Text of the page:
I totally get why Ford didn’t bring it (3 door Fiesta) to this market, its meager sales wouldn’t have justified the expense of getting it to pass crash tests and modifying the assembly plant to produce it for this market. Hell, it doesn’t even sound like the 4 and 5 door versions were worth the investment to bring here. But, leading into/during/after the Great Recession, everybody said small cars are where its going to be. So, like GM, Ford brought them (new Focus, C-Max Hybrid and Fiesta) here, only to have utilities and trucks continue to make money, and to receive no return on its investment to bring small cars here.

        Back on point, it is a style preference, but there are also other reasons behind it, especially on a smaller car like Fiesta.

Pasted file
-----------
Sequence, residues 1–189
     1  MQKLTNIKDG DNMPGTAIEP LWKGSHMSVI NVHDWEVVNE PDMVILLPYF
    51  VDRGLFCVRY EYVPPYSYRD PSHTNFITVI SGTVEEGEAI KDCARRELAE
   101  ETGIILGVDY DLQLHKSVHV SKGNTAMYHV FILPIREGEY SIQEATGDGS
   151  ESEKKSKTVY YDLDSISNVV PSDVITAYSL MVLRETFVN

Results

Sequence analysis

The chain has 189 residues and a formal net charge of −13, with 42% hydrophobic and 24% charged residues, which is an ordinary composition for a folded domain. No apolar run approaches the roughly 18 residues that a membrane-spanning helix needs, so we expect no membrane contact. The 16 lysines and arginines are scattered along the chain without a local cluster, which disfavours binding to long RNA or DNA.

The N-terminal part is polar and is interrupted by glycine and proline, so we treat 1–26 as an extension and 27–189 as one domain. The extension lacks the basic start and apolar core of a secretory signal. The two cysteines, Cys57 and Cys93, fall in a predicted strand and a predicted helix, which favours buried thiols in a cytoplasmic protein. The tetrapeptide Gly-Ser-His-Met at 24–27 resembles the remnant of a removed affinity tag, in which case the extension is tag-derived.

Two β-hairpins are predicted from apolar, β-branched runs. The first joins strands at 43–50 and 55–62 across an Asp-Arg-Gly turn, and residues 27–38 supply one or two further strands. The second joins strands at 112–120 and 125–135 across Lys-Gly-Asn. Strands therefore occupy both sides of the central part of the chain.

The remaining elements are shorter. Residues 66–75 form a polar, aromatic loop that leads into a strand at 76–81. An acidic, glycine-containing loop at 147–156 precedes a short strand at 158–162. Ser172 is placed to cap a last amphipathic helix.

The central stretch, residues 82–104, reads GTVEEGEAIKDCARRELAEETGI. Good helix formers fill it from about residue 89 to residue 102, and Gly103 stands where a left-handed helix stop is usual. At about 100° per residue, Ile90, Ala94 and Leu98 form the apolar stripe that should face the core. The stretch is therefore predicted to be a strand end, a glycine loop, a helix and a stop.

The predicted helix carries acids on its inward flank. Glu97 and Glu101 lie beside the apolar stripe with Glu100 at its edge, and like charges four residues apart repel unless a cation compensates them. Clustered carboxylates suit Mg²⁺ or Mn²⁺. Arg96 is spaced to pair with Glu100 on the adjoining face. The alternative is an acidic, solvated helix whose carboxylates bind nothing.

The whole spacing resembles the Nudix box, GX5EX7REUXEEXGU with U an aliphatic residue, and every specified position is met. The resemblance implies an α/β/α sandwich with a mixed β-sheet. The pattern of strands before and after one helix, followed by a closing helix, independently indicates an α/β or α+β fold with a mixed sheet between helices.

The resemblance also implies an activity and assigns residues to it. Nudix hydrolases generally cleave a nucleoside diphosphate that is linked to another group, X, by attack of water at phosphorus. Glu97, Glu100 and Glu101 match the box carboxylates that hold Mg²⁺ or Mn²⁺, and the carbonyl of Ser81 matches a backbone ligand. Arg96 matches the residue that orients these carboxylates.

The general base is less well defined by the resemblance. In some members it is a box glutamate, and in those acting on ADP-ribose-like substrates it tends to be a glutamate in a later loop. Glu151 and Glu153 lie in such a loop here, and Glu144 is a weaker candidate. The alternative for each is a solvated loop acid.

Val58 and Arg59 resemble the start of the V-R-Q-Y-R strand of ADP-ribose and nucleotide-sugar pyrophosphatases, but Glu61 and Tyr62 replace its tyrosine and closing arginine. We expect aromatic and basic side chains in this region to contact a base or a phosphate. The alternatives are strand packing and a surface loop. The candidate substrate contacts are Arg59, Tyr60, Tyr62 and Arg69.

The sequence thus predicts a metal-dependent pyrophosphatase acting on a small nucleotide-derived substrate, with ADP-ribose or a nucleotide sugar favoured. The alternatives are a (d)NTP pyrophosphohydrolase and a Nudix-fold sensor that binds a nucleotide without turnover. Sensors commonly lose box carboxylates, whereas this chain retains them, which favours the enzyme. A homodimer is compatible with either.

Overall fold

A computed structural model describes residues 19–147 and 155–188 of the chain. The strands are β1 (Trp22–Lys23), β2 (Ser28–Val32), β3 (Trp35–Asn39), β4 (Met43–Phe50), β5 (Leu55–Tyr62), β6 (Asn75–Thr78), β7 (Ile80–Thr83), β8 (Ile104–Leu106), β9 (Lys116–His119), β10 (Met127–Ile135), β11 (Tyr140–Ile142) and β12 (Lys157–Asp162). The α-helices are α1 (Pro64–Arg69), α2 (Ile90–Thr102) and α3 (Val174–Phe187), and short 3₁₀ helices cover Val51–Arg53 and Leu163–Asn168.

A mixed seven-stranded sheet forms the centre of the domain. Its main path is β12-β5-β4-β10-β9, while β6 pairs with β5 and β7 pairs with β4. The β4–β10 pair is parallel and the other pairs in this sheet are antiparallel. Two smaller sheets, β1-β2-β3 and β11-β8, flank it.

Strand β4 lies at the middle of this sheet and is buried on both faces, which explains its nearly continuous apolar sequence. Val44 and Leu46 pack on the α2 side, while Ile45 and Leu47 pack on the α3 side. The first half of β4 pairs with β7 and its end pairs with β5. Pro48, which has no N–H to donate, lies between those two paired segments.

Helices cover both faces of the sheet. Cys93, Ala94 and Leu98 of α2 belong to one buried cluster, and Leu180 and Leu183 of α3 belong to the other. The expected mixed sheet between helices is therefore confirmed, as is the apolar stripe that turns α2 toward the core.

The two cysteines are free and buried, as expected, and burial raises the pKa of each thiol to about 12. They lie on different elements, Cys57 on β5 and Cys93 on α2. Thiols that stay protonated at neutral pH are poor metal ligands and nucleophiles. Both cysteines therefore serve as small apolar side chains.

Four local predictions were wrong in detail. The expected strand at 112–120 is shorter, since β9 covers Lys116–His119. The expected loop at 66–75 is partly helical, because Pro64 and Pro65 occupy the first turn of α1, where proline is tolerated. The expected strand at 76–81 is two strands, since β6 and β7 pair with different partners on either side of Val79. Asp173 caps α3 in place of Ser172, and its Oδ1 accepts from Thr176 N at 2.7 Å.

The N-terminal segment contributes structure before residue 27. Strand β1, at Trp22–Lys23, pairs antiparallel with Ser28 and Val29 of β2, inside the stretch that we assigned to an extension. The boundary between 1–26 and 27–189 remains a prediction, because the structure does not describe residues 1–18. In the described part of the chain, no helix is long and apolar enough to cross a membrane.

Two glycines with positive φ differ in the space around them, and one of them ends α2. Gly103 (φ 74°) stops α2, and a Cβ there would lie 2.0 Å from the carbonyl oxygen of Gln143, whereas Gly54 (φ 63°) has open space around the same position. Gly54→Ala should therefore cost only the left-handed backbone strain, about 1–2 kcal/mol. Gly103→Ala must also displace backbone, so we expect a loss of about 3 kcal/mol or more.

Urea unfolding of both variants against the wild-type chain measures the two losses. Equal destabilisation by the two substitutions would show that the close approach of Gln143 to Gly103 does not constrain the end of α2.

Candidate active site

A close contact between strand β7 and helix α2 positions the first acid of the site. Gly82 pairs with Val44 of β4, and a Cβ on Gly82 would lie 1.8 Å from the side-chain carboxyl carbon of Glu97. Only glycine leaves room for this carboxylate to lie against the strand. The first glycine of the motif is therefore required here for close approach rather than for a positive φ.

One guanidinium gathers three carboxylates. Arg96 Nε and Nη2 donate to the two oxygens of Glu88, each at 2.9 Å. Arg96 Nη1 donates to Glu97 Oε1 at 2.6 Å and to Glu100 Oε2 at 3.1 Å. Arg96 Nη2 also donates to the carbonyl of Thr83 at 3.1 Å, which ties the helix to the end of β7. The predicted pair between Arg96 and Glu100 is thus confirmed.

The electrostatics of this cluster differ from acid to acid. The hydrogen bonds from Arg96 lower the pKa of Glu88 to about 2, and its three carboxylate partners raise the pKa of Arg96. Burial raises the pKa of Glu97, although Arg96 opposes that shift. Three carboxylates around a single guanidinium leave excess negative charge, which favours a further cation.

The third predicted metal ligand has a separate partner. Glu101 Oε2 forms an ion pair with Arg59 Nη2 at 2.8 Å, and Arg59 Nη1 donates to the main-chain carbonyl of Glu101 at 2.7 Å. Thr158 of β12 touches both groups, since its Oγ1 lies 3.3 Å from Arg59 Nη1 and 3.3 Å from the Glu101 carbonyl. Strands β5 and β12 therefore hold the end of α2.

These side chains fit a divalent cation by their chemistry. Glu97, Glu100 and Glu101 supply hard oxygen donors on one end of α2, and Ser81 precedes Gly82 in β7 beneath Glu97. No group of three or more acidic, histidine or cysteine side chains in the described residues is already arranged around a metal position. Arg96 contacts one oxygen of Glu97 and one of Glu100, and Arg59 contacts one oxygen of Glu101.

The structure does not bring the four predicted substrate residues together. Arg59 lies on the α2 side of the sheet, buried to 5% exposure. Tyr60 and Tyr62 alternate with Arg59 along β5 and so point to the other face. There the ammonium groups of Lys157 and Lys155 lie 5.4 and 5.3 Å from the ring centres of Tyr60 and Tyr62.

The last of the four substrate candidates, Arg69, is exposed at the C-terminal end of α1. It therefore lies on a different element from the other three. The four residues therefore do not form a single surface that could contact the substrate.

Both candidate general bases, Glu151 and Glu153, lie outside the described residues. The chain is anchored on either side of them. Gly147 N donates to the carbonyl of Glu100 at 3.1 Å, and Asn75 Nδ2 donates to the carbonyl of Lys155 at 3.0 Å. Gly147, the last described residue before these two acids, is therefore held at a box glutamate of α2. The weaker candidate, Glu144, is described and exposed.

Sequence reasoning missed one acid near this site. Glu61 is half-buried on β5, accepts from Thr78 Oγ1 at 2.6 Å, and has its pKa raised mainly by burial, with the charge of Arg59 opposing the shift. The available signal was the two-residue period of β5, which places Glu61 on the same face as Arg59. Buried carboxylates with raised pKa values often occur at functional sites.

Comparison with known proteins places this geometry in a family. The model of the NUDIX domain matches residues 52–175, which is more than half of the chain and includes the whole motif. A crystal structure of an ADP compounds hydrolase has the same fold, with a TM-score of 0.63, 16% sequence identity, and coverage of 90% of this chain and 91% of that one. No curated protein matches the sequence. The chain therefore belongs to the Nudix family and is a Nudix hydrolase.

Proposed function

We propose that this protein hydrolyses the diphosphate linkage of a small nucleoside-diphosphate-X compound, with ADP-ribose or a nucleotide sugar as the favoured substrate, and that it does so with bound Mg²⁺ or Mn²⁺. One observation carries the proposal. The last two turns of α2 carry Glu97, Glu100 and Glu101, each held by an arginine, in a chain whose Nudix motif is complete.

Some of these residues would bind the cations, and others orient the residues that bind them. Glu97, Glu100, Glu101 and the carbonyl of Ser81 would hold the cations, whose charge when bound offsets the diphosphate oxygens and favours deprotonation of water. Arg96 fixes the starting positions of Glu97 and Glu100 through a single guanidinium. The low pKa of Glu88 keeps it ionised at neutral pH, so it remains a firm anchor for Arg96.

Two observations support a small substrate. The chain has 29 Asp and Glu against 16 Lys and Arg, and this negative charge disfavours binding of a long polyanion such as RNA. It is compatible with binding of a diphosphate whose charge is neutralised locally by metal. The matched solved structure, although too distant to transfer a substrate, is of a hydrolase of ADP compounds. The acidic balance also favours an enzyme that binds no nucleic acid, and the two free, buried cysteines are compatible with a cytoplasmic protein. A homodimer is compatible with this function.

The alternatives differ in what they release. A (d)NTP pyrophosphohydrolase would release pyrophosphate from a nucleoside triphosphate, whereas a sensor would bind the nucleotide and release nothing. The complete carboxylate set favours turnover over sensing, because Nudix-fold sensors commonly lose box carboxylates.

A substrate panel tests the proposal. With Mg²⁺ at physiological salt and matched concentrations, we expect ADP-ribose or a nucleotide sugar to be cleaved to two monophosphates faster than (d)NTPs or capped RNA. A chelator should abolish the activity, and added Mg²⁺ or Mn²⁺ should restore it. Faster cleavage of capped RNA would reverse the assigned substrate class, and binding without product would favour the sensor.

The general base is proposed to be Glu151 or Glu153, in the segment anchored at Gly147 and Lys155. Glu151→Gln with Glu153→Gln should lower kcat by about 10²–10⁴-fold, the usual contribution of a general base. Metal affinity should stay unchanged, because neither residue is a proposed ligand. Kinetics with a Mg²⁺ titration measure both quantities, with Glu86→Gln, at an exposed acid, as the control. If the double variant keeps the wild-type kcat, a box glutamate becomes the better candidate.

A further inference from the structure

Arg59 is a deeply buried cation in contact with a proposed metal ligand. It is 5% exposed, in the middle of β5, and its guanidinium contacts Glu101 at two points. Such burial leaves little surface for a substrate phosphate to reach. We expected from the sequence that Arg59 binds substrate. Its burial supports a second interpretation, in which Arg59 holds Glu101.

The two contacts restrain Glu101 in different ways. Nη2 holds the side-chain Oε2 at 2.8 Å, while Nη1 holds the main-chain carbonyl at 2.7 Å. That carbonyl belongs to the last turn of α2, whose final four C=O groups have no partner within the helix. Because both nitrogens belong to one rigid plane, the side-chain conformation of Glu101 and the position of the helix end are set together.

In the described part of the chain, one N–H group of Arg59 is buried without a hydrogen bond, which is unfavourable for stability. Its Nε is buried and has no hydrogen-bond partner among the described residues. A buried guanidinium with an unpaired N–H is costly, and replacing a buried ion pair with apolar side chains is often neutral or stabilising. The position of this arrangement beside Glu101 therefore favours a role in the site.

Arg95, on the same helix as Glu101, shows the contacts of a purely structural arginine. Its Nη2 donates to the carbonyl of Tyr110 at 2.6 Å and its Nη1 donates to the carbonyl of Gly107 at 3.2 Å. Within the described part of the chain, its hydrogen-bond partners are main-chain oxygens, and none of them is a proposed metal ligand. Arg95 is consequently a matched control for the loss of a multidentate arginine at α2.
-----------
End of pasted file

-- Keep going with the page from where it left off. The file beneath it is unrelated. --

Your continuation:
• 0 avatar
          Art Vandelay

          Rock on then. Again, I get it. If I could slap that B13 Sentra SE-R body on my FiST I’d like it even more…can’t lie there.

          Having shopped for cars from the era you describe however, you are correct…pickings on the ground are slim. You have a better chance of getting a nice, unmolested E30 BMW, but bring your checkbook to that party, espically a coupe.

          • 0 avatar
            JohnTaurus

            Nahh, my preference for that era BMW is the 318Ti, and I’d find a wrekced 6 cylinder car to use to swap its engine into the hatch.

            Its one of the list of cars I’d consider if I went with my “fleet of older cars” route.

            The thing is, I have never bought a brand new car, and IMO, a Civic Si is not the kind of car you want used (obviously there are exceptions, but few people buy them to pamper and never break 2500 RPM with). That’s what is the pull. And, I like the styling, the faux vents on the rear bumper are toned down compared to the sedan and hatch. I have no desire for the Type R, I’d rather get a Focus RS (or more likely, a loaded Mustang GT 6MT).

  • avatar
    srh

    …. Or get any one of the many 2018 Fiesta STs that are currently being sold for about $16K.